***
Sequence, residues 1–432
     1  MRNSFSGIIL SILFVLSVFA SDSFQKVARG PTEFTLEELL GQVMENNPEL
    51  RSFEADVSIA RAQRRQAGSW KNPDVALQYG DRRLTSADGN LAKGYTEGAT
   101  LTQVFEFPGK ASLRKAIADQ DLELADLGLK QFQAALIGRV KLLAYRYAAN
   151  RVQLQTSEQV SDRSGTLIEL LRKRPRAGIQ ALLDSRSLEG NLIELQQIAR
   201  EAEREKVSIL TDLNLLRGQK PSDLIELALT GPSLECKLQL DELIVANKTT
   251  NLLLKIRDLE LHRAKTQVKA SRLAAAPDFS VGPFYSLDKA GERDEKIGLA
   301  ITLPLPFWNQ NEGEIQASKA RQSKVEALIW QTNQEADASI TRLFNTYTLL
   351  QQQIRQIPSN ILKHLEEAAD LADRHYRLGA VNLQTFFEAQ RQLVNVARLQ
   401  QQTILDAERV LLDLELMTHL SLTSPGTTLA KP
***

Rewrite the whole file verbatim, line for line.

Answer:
Sequence, residues 1–432
     1  MRNSFSGIIL SILFVLSVFA SDSFQKVARG PTEFTLEELL GQVMENNPEL
    51  RSFEADVSIA RAQRRQAGSW KNPDVALQYG DRRLTSADGN LAKGYTEGAT
   101  LTQVFEFPGK ASLRKAIADQ DLELADLGLK QFQAALIGRV KLLAYRYAAN
   151  RVQLQTSEQV SDRSGTLIEL LRKRPRAGIQ ALLDSRSLEG NLIELQQIAR
   201  EAEREKVSIL TDLNLLRGQK PSDLIELALT GPSLECKLQL DELIVANKTT
   251  NLLLKIRDLE LHRAKTQVKA SRLAAAPDFS VGPFYSLDKA GERDEKIGLA
   301  ITLPLPFWNQ NEGEIQASKA RQSKVEALIW QTNQEADASI TRLFNTYTLL
   351  QQQIRQIPSN ILKHLEEAAD LADRHYRLGA VNLQTFFEAQ RQLVNVARLQ
   401  QQTILDAERV LLDLELMTHL SLTSPGTTLA KP